A top-10 team playing desperate? It works for Florida vs. Vols
GAINESVILLE, Fla. — Billy Donovan loves to put themes to his Florida basketball teams and with nemesis and Southeastern Conference rival Tennessee coming to town, the UF coach figured it was time to turn to GOD.
No, not that one. In this case, GOD was an acronym for the ”Gift of Desperation.” Donovan didn’t think his team had it in back-to-back road wins at Auburn and Alabama but would need it for the physical confrontation that awaited them against the Volunteers.
”Every possession had to be a championship possession,” senior center Patric Young said.
The sixth-ranked Gators had a March-like gleam in their eyes Saturday, especially in a second half when they ravaged the Volunteers with pressure defense and efficient offense — in the halfcourt and up and down the floor — en route to a 67-41 wipeout win before the sold-out O’Connell Center crowd of 12,475.
Sophomore guard Michael Frazier led four teammates into double-figure scoring, but it was the dragnet the Gators (17-2, 6-0) threw out on the defensive end that fueled the team’s 11th straight victory and best all-around performance of the season.
UF walled the Vols (12-7, 3-3) into 26.8 percent from the floor and just 1-for-19 from the 3-point line (5.3 percent). Tennessee came into the game averaging 74.8 points per game, with guard Jordan McRae ranked third in the SEC at 19.2 points per game. With senior guard Scottie Wilbekin in his jersey, McRae was held to five points on 1-for-15 from the floor.
Wilbekin looked pretty desperate and his teammates rallied around him with equal extreme behavior. Whether it was Will Yeguete diving for a loose ball, Dorian Finney-Smith sailing into the UF bench for a save that led to a key Frazier 3-pointer, or Young bodying and battling Tennessee’s fridge-like front-court players, the Gators played like the season — not just sole possession of first place in the SEC — was in the balance.
”I think you’ve got to try and create these situations and try to be desperate, and you have to try to be desperate each possession,” Donovan said. ”That’s what we’re talking about; loose balls, hustle plays, getting where you’re supposed to be; it’s being on time on a post trap; it’s when the ball goes up, it’s bobbled around, you dive for it head first. It’s a level of a desperation.”
This part he wanted to emphasize.
”It’s a gift to be desperate,” he added.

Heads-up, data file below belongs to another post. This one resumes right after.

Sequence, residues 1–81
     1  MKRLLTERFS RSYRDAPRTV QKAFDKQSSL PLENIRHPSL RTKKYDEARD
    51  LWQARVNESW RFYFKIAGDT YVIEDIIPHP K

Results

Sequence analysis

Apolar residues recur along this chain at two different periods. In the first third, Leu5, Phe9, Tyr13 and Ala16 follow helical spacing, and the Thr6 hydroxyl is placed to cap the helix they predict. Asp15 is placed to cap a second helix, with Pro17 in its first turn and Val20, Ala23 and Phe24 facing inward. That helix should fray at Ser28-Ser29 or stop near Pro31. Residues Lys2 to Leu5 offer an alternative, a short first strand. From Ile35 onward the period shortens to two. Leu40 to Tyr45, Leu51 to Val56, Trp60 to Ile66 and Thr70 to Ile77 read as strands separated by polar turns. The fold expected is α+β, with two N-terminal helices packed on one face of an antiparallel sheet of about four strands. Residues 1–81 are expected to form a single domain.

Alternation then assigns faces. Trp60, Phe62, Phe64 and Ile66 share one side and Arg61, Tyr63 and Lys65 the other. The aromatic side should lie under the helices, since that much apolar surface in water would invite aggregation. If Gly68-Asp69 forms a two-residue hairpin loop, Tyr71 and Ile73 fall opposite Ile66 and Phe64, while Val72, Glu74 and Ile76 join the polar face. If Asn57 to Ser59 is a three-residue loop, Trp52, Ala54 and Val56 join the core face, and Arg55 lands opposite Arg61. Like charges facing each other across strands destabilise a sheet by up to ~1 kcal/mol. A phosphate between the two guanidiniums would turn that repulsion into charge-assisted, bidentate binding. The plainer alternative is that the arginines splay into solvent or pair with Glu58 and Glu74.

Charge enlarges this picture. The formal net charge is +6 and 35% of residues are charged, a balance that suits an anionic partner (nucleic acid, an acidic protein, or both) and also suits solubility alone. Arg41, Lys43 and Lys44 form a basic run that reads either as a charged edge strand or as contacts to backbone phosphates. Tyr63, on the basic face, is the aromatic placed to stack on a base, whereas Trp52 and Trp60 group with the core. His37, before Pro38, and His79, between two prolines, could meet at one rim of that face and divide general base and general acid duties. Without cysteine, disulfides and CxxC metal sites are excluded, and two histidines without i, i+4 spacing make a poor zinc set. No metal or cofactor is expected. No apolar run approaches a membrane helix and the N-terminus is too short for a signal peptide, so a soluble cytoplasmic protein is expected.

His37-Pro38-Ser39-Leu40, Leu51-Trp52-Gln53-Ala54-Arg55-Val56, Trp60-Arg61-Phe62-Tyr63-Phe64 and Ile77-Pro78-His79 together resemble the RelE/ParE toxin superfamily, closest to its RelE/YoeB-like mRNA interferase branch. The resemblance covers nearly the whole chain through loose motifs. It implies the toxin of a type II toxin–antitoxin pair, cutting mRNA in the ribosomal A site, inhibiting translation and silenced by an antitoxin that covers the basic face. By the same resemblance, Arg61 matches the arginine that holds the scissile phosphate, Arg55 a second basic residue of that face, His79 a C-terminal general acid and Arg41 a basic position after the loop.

Wilbekin scored 13 points, senior forward Casey Prather had 12 and Young added 10 to go with five rebounds. The Gators shot 48 percent overall, off-setting Tennessee’s 40-35 edge in the rebounding column, courtesy of its twin 6-foot-8, 260-pound post players Jarnell Stokes (16 points, 10 rebounds) and Jeronne Maymon (8 points, 7 rebounds).
The rest of the Vols combined to make five of 39 shots, with only seven points from Tennessee’s starting backcourt of McCrae and Antonio Barton.
”I thought Florida did a great job of defending,” said Tennessee coach Cuonzo Martin, who lost for the first time in four meetings against the Gators. ”They sped us up with the press."
Not until the second half, really. The Gators led 26-19 at the break, following an offensively challenged first half when the Vols stayed in the game with second-chance points on the block, as the lead changed hands seven times. UF, though, opened the second half with a 21-5 run, highlighted by a couple treys from Frazier and a slam from Yeguete, to blow the game open and completely discombobulate UT.
”We kept guarding and we hit a couple shots in a row and strung together some runs,” Wilbekin said. ”That’s how you build big leads.”
The Vols got to the point where they just wanted to score … and couldn’t. With just over 11 minutes to go, they had just nine field goals. The Florida lead swelled to as large as 35, when Finney-Smith hit a 3-pointer with 2:40 to go, and Tennessee was well on its way to its lowest scoring output of the season.
The Gators look good in their desperation wear.
The result was far different than the last three meetings, when the Vols were the aggressors and the ones playing on edge, as the UF staff was all too happy to remind the players in the hours leading up to the tip.
”They’d been throwing it in our face, how the last three games they had out-toughed us, been more physical — and I can’t lie, they were,” Young said. ”They’d punched us and we didn’t respond the couple of years. But today, we were ready for whatever they threw at us. Today, we threw the punch and they couldn’t take it.”
Added Donovan: ”It was encouraging to see our guys with that kind of focus.”
Desperate time. Desperate team. Desperate measures.
Wonder what next week’s theme will be.